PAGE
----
Contributions to the Analysis of Qualitative Models of Regulatory Networks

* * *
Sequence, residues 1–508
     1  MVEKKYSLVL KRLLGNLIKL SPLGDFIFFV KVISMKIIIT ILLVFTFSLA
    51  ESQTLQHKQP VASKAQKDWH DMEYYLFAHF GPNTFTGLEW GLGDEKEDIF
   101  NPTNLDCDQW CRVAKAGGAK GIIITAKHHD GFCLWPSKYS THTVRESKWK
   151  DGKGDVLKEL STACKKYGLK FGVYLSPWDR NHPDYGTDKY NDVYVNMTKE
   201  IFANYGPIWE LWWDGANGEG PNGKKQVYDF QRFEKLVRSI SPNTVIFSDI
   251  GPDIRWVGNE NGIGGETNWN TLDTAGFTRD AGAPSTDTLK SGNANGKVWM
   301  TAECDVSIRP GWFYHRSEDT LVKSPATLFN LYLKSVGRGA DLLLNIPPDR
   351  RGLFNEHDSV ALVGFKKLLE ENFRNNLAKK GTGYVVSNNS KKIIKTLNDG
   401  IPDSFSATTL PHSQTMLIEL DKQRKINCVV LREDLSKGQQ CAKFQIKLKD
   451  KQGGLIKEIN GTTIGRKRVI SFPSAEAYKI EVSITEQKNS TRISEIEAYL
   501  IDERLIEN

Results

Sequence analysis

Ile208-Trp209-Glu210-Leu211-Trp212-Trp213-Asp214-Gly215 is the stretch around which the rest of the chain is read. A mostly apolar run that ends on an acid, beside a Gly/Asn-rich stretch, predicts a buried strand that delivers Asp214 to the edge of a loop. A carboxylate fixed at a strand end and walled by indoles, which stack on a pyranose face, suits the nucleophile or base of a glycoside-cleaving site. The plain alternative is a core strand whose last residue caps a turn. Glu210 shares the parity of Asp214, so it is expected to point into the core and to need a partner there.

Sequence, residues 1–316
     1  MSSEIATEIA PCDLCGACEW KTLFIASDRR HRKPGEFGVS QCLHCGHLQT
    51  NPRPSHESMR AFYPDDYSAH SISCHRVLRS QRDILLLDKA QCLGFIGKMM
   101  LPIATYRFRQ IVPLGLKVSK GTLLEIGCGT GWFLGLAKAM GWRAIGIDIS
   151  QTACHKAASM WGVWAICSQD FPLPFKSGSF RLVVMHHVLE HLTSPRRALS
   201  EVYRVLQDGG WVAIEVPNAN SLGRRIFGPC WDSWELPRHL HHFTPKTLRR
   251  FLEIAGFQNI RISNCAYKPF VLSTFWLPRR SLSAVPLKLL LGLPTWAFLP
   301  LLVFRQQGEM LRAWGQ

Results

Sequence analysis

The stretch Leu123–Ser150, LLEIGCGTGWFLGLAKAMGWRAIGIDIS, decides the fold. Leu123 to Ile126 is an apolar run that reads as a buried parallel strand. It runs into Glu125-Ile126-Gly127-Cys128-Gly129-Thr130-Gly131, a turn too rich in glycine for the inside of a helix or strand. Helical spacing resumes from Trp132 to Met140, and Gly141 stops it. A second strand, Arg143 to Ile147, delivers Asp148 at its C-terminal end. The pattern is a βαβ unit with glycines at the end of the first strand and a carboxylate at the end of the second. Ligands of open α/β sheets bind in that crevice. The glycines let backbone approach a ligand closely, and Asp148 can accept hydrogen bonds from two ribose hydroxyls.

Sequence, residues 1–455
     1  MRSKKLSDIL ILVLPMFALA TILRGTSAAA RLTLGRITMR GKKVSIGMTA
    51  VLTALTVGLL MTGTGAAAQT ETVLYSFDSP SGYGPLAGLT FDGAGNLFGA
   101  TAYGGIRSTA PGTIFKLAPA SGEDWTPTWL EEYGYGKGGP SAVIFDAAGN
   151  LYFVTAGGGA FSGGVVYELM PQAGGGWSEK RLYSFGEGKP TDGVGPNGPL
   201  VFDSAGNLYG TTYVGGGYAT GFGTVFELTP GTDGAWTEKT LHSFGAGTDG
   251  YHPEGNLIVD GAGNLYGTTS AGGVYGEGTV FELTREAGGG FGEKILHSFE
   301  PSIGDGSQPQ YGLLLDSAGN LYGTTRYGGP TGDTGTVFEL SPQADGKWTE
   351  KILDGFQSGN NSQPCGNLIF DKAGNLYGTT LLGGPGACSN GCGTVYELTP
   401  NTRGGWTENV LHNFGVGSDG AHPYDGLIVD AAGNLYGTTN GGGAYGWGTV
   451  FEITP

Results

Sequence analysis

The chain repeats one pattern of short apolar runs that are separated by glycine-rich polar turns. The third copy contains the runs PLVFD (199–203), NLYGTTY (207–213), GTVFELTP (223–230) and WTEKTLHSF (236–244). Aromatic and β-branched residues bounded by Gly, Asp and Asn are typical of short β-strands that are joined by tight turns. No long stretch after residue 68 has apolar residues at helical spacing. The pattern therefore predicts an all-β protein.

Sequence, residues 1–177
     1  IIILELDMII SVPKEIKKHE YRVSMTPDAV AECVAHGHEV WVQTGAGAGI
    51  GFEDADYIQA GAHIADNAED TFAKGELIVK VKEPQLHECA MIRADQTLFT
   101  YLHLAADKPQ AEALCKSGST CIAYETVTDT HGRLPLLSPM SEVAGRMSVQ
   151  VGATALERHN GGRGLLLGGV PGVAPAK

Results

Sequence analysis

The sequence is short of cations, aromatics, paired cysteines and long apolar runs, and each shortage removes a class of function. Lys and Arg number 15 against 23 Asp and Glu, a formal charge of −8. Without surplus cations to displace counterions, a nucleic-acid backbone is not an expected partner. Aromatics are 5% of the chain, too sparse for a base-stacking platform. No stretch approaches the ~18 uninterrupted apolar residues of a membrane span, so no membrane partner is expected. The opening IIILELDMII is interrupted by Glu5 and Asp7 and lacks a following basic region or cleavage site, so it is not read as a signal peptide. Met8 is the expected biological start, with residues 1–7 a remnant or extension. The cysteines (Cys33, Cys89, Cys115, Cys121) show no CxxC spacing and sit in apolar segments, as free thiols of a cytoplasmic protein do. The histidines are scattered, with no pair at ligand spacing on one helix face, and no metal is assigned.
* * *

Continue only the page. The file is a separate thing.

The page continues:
This thesis addresses three challenges in modeling regulatory and signal transduction networks. Starting point is the generalized logical formalism as introduced by R. Thomas and further developed by D. Thieffry, E. H. Snoussi and M. Kaufman. We introduce the fundamental concepts that make up such models, the interaction graph and the state transition graph, as well as model checking, a computer science technique for deciding whether a finite transition system satisfies a given temporal specification. The first problem we turn to is that of whether a given model is consistent with time series data. To do so we introduce query patterns that can be automatically derived from discretized data. Time series data, being such an abundant source of information for reverse engineering, has previously been used in the context of logical models but only under the synchronous, transition-based notion of consistency. The arguably more realistic asynchronous transition relation has so far been excluded from such data driven reverse engineering, probably because the corresponding non-determinism in the transition system introduces additional obstacles to the already hard problem. Our contribution here is a path-based notion of consistency between model and data that works for any transition relation. In particular, we discuss linear time properties like monotony and branching time properties like robustness. The result are several query patterns, similar to but more complex than the ones proposed by P. T. Monteiro et al. A toolbox, called TemporalLogicTimeSeries for the automated construction of queries from data is also presented. The second problem we turn to concerns the two types of long-term behaviors that logical models are capable of producing: steady states, in which the activity levels of all network components are kept at a fixed value, and cyclic attractors in which some components are unsteady and produce sustained oscillations. We attempt to understand the emergence of these behaviors by searching for symbolic steady states as defined by H. Siebert. Our main contribution is the introduction of the prime implicant graph, which describes all minimal conditions under which components may change their activities, and an optimization-based algorithm for the enumeration of all maximal and minimal symbolic steady states. Essentially, we generalize the canalizing effects and forcing structure that were first introduced and studied by S. Kauffman and F. Fogelman in the context of random Boolean networks. The chapter includes a theorem that relates symbolic steady states to the existence of positive feedback circuits in the interaction graph. A toolbox, called BoolNetFixpoints that implements our algorithm is also described. The theme of the last chapter is how to deal with uncertainties that inevitably appear during the modeling of biological systems. One is often forced to resolve them since most types of analysis require a single, fully specified model. The knowledge gap is usually filled by making simplifications or by introducing additional assumptions that are hard to justify and therefore somewhat arbitrary. The alternative is to work with and analyze sets of alternative models, rather than single models. This idea entails additional theoretical and practical challenges: With which language should we describe our partial knowledge about a system? How can predictions be made given that each model in the set may behave differently? How can hypotheses and additional data be added to the current knowledge in a systematic manner? It seems that there are in principle two different approaches. The first one is constraint-based and studied by F. Corblin et al. It translates the partial knowledge and modeling formalism into facts and rules of a logic program. Common solvers can then deduce additional properties or test the validity of given queries across all models. In contrast, we propose to study the pros and cons of an explicit approach that enumerates all models that agree with a given partial specification. During the first step, models are enumerated and stored in a database. During a second step, models are annotated with additional information that is obtained from custom algorithms. The relationships between the annotations are then analyzed in a third step. The chapter is based on the prototype implemention LogicModelClassifier that performs the discussed steps. Throughout, we apply our results to two previously published models of biological systems. The first one is a small model of the galactose switch which regulates the transcription of genes that are involved in the metabolism of yeast. We address questions that arise during the construction of the model, for example the number of involved components and their interactions, as well as issues related to model validation and model revision with time series data. The case study also discusses different approaches to data discretization. The second one is a medium size model of the MAPK network studied by D. Thieffry et al. that is used to predict the cell fate response to different stimuli involving the growth factors EGF, TGFB, FGF and DNA damage. With the methods developed in this thesis we can prove that the model is capable of 18 different asymptotic behaviors, 12 of them steady states and 6 cyclic attractors. The question of which attractor is reached from which initial state is answered and we can show that the response in terms of proliferation or growth arrest and apoptosis is fully determined by the input stimulus.